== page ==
Following on from Wednesday’s ‘it’s not them, it’s you’ discussion, yesterday’s Twitter flashpoint became frustrating beyond belief, finally resulting in me having to sit on my hands for most of the afternoon. The details, of course, are irrelevant to everybody but the person who, ultimately, decided to make everything about them whilst completely missing the point of the discussion.

We really, REALLY need to have some rules about what is acceptable behaviour when people are critical of something you are involved in. Individual interpretation is unique. It does not represent ‘all experiences’ and when someone is trying to make a larger, more important point, assuming they’ve had a dig at you along the way when that absolutely didn’t happen isn’t just churlish, it’s potentially dangerous.

You’re not brave any more, but ignorant.


Spending an entire month trying to encourage discussion on mental health has pulled up some very interesting debate: the most important part of which, undoubtedly, being how to react when other people opine. Overcoming shortcomings in your head will end up colouring EVERYTHING that you hear and see: trust me on this. However capable you might feel, it’s incredibly easy to be derailed.

That’s happened two nights in a row for me at Blaze class: on both occasions, there’s been a board of entirely red heart rate monitors, except mine. Being different is okay when nobody can see that difference close up, but once it ends up being splashed across multiple TV screens for an entire room to see? It is really hard to ignore the truth. Then it isn’t about other people being nice to you. It’s you, reality that need to be addressed.


I know why those red numbers don’t happen. All the really sound, based in science, nothing I can actually fix right now issues sit in my head, clearly defined. I also grasp what needs to take place to make them happen. That’s a task that’s being chipped away at, day at a time. Doing it in public has a useful, constructive consequence. Maybe people will be able to identify with the issue and feel affinity.

The last thing I’d ever do in these situations is engage with people who I feel don’t understand or grasp what I’m going through. It’s really, really easy to make the assumption that people will attack you for being different, and in the modern world it’s almost become a badge of honour. I was brave enough to speak out and then nasty people trolled me. Except, more and more, that’s really not the case.


Having different ethical ideas to someone else is not an attack. Pointing out your experience will rarely be unique is not abusive either. Using you as an example in a wider issue does not mean that person is trolling you: this is a public platform. I see that Twitter this week will be rolling out tools to allow you to decide who gets to reply to your tweets: soon, if all that matters is saying stuff without being challenged, there’ll be a setting for that.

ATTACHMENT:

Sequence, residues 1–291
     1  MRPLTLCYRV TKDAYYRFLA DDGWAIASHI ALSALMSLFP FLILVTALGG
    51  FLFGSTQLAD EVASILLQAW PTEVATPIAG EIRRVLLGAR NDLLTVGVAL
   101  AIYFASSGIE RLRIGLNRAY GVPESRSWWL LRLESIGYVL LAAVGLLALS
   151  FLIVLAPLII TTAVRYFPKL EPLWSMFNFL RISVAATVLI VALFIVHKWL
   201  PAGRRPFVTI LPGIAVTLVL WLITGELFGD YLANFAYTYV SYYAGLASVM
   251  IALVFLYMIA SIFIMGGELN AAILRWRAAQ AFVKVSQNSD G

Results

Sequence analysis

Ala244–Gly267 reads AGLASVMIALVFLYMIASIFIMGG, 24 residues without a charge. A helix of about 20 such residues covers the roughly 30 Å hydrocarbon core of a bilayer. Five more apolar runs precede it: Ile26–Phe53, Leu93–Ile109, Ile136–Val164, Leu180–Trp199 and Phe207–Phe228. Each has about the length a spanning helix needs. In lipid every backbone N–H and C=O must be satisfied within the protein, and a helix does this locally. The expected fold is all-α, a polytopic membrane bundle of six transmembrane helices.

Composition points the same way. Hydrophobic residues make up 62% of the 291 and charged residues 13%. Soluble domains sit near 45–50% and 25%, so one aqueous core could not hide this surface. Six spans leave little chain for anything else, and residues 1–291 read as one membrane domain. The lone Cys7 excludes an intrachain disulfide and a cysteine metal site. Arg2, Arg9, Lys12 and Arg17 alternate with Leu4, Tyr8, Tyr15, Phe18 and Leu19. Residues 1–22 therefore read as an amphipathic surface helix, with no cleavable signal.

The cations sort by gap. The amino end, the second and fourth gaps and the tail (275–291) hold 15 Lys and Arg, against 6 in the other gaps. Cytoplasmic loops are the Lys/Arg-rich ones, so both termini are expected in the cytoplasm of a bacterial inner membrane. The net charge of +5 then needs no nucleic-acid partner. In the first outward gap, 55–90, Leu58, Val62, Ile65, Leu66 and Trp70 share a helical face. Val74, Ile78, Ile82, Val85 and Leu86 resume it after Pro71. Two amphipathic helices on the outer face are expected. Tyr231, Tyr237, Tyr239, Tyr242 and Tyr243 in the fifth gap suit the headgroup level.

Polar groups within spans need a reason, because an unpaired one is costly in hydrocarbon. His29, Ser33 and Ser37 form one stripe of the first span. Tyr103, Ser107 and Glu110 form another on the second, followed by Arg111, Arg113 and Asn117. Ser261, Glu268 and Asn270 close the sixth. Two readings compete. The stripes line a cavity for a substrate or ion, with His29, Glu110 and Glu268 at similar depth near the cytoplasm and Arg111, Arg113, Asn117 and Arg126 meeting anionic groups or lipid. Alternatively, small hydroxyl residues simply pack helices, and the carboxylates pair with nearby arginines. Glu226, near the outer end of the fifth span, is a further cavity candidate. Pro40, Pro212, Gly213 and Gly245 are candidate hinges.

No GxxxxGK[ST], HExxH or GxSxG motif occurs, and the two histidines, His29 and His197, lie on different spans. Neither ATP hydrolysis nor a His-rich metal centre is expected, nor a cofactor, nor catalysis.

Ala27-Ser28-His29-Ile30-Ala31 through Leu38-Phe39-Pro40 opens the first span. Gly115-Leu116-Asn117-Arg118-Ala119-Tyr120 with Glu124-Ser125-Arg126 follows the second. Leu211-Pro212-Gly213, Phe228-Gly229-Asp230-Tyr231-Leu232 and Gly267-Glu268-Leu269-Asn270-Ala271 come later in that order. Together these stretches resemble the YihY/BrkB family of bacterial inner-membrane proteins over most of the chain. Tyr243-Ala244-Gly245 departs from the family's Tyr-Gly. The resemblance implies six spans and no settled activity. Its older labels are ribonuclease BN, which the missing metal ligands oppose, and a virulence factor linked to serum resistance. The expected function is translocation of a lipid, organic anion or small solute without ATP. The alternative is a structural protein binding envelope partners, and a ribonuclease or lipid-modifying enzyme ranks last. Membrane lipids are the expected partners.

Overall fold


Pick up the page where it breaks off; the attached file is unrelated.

Of course it’s meant for people who just want to post their news without a bazillion troll accounts hanging onto the tweet for traction. It’ll undoubtedly be used by people who just want to be seen, and never challenged, and this is the bigger problem. Discussion means people are allowed to have an opinion and say it, even if you don’t like it. If you choose to interpret a civil discussion as a personal attack on the state or existence of your backbone?

That’s still your problem to solve and not anyone else’s to care about.


There are too many fragile egos on Social media… far, FAR too many people who don’t get that to survive long term, you will require mental strength. If you sign up to be famous, it comes now with responsibilities and caveats, and those in turn have important mental health implications. There’s a lot of people doing great work on these, across the wider spheres of the internet. Seek these people out, they will educate you.

I keep seeing other people interpreting ‘speaking out’ over mental health issues as bravery. It isn’t, simply an essential part of the process to help yourself get better. Admitting you have the issue in public means it won’t go away. It also means, inevitably, you will be criticised. There will be backlash. Ignorant people will not understand, but others will want to have a discussion.

The LAST THING you want to do is then decide that nobody gets to talk about your issues. If you are prepared to go public, that means you’re also prepared to deal with the consequences. This is how life works. If there’s not a willingness to stand by the courage of your convictions, then why bother saying it in the first place? If you won’t use these experiences to fuel your own evolution, what really is the point?

These are the consequences of your own actions.

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